Over the years, I’ve written articles that seem to initiate a response from Mother Nature that completely eliminates the need to do what I’m writing about.
So, in hopes of that happening again (yes, I may have looked at the weather forecast), I will sacrifice my article because this warm, dry spell is getting a bit ridiculous and ever more alarming. I am wearing shorts and it’s December, and during the past 60 days, we have received 0.3 inches of precipitation.
A potential result of this long, dry period could be death to parts of plants’ root systems, especially with newly planted or stressed plants. Woody plants typically have shallow root systems and require supplemental watering. Herbaceous perennials and ground-covers, especially those in exposed sites, can be subjected to cracking in soil that exposes roots to cold and drying. Even recently established lawns have a shallow root system and can quickly dry out.
If you plan on watering during the winter, follow these guidelines:
Water only when the air temperature is above 40 degrees with no snow cover.If the ground is frozen, don’t water.Apply during the heat of the day, typically between 11 a.m. and 1 p.m. You want the water to soak in before possible freezing at night. Direct the water underneath the ends of the branches (drip line).Focus on the newly planted material (less than two to three years in the ground) and water once per month if the proper conditions exist. If you feel like you need to water large established trees, know that their roots can spread equal to or greater than the height of the tree. So apply the water within the drip line. Water to a depth of 12 inches, if possible. This may mean that you need to apply the water slowly, either using a soaker hose, sprinkler or spray wand. If possible, apply 10 gallons of water for every inch of the tree’s trunk diameter (measure this at 6 inches above the ground level).If you tend to forget when you watered, stick to the holidays (only if all the conditions discussed above are met): Thanksgiving, Christmas, Valentine’s Day and Easter. I hope we get adequate snowfall and winter watering can be kept to a minimum. But our plants’ root systems are absolutely critical, and knowing how much time and energy goes into planting that tree or shrub correctly, I would hate to see it suffer, much like you and I do during times of winter drought.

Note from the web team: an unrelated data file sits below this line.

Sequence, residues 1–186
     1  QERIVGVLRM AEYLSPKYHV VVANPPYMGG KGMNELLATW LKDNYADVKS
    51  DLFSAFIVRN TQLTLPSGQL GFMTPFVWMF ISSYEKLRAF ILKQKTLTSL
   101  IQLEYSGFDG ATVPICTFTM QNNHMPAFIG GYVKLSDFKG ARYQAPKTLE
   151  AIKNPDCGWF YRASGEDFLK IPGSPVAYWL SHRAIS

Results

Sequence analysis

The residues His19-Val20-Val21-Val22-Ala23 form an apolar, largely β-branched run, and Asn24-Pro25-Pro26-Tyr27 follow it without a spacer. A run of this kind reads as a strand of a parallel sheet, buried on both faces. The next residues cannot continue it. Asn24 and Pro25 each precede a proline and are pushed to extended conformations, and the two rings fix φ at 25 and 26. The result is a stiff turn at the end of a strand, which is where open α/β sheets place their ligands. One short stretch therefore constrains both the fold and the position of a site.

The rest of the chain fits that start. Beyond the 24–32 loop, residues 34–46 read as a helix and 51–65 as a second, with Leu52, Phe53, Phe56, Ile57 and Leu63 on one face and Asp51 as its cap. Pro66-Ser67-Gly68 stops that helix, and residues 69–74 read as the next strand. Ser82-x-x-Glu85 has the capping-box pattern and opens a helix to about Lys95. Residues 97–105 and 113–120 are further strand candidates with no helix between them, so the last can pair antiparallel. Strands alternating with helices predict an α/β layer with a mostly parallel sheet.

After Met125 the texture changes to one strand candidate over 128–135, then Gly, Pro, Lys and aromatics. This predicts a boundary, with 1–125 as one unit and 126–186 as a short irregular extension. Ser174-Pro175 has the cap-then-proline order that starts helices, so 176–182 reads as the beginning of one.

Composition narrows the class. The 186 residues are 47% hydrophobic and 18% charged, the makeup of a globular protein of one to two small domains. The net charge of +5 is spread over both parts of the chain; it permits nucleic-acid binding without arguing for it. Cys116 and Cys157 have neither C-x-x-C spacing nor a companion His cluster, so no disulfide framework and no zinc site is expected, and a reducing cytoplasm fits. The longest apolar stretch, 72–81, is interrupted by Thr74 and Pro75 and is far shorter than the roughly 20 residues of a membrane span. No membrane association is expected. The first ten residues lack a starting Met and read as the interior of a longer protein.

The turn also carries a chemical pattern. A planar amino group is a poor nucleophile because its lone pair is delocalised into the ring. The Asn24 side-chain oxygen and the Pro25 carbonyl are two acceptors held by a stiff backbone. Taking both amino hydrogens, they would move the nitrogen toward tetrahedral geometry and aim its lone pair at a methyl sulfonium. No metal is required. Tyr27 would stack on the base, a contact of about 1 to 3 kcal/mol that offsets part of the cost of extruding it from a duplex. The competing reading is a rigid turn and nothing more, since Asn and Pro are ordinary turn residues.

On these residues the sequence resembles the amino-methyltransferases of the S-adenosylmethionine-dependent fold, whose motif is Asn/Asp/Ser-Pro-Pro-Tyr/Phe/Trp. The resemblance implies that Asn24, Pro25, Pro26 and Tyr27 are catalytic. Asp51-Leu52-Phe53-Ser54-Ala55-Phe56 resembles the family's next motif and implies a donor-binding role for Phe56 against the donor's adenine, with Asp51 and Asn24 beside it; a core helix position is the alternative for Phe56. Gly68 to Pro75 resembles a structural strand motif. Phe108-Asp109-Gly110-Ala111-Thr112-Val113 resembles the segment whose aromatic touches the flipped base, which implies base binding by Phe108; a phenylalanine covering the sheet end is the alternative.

As we go into winter with dry soils, know that woody plants can lose around 20 degrees of hardiness. For example, a tree that would normally go down to minus 20 (Hardiness Zone 5) could be damaged at 0. Hopefully, the rain that fell in September provided some longer-lasting soil moisture, but don’t bank on it.
Darrin Parmenter is the director and horticulture agent of the La Plata County Extension Office. Reach him at email@example.com or 382-6464.Darrin Parmenter